THE DELETERIOUS EFFECTS OF INTRAOPERATIVE HYPOTENSION ON OUTCOME IN PATIENTS WITH SEVERE HEAD INJURIES

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Abstract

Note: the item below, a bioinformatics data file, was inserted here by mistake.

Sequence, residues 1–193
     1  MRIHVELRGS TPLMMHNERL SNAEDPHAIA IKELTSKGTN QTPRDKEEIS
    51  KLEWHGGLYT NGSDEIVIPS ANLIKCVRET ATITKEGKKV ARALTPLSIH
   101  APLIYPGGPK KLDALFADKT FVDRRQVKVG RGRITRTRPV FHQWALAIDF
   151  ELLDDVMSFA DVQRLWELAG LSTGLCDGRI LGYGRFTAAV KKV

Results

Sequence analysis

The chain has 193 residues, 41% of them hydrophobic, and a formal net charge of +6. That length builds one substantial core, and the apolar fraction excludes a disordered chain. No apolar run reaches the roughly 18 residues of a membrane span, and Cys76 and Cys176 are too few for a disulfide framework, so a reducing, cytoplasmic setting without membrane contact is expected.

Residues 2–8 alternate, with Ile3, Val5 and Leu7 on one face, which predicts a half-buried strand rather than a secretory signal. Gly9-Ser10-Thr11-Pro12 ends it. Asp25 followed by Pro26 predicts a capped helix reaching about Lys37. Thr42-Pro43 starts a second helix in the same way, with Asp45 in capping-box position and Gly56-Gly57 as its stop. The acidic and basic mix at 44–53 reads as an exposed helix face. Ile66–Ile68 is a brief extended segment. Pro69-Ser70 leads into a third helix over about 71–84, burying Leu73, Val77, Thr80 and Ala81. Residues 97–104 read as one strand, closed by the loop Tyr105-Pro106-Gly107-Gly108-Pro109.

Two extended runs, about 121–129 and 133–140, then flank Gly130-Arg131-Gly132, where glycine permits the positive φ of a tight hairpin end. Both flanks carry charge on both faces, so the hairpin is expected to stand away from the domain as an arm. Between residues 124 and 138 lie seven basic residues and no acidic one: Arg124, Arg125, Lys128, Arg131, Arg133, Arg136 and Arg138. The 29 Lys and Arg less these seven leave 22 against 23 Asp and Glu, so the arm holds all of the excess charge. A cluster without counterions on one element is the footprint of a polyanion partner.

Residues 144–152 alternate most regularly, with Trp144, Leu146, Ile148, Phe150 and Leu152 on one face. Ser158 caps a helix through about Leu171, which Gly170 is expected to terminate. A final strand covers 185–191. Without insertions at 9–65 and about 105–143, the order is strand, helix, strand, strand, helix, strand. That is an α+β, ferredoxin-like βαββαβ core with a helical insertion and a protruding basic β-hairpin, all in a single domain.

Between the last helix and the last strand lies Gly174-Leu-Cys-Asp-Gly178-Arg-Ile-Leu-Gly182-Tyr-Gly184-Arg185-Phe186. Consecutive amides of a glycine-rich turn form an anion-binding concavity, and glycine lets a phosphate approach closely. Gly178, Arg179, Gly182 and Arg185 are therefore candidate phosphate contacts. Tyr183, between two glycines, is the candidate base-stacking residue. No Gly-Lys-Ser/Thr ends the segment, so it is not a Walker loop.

Prehospital or admission hypotension doubles the mortality for patients with severe head injury (SHI = Glasgow Coma Scale score 8). To our knowledge no study to date has determined the effects of intraoperative hypotension [IH: systolic blood pressure (SBP) <90 mm Hg] on outcome in patients with SHI. This study examined 53 patients who had SHI and required early surgical intervention (surgery within 72 hours of injury). All patients were initially normotensive on arrival. There were 17 patients (32%) who developed IH and 36 (68%) who remained normotensive throughout surgery. The mortality rate was 82% in the IH group and 25% in the normotensive group (p < 0.001). The duration of IH was inversely correlated with Glasgow Outcome Scale using linear regression (R = −0.30; p = 0.02). Despite vigorous fluid resuscitation in the IH group, additional pharmacologic support was used in only 32%. These data suggest that IH is not uncommon after SHI (32%) and that it does have a significant effect on patient outcome.

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